In reviewing the history of work that had been performed on the system, as well as the history of complaints, I found that the contractor was trying his best to get a handle on the situation and satisfy the consumer. He wasn’t ignoring their complaints, but it seemed like every time he’d try something else, another problem would crop up that he didn’t anticipate. The original complaint started out as a bedroom, which was the farthest remote zone from the physical plant that had trouble achieving set point when it got  cold outside.The system for the radiant distribution was set up with one single mixing station to satisfy the needs for low water temperature operation. Floor finishes for this system varied from hard, bare concrete and tile to a heavily padded, thick carpet in the master bedroom, the problematic cool zone.The contractor had attempted to install a larger pump to move more water to that particular zone. It was a high head, high flow pump. When that effort didn’t satisfy the consumer’s wishes, he installed another pump on the return, thinking that a push- pull arrangement was necessary in order to overcome the high- pressure drop of that particular zone, which was piped in 3/8". Most of the basement was done with 1/2" tube. When additional flow didn’t do the trick, he started reconfiguring the system to allow a higher temperature of water to go to this problematic zone. In fact, he took this zone out of the low temperature zones and set it up to operate with the hot water baseboard and fan coil unit zones. And he kept his push- pull, high- head pumping arrangement intact.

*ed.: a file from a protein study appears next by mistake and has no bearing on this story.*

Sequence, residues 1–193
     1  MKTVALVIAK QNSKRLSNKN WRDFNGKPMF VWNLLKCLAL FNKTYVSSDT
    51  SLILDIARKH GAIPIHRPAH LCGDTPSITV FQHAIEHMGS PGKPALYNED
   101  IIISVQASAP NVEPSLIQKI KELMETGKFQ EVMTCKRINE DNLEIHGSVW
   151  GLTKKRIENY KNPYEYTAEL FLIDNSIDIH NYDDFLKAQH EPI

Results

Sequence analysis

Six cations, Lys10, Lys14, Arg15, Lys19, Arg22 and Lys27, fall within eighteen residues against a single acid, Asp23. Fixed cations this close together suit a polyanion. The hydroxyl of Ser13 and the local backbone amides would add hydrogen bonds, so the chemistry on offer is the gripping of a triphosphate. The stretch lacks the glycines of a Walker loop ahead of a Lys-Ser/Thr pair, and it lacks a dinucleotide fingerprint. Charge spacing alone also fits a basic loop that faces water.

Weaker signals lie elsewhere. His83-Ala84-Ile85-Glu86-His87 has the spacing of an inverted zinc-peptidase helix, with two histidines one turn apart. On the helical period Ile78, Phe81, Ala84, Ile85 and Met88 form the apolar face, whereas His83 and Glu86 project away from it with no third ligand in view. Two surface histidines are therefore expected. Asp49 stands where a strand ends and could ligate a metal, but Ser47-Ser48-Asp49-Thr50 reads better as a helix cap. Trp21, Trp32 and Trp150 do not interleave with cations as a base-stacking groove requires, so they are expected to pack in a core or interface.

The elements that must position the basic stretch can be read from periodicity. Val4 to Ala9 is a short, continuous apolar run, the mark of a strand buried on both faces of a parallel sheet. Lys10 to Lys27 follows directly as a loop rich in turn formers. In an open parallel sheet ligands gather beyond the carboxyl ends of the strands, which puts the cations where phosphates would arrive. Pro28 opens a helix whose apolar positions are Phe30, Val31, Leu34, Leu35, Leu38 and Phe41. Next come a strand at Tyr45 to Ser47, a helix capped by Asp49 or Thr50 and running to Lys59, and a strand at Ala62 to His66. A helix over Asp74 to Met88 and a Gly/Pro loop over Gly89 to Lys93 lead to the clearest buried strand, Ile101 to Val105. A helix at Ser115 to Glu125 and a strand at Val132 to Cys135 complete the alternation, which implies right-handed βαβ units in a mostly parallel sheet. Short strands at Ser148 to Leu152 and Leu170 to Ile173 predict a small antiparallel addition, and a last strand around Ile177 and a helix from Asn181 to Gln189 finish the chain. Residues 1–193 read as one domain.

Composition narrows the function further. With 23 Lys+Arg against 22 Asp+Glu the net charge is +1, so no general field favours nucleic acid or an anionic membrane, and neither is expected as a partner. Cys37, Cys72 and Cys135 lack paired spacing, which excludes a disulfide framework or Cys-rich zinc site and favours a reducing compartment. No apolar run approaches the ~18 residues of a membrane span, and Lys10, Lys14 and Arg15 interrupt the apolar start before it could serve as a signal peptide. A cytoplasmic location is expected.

This is where the second part of the complaint raised its ugly head, that being an overheat condition in the areas served by the higher temperature water. What the heck, if a little pump does a little good, then a bigger pump will do a LOT of good, no? ... Simple mechanic thinking.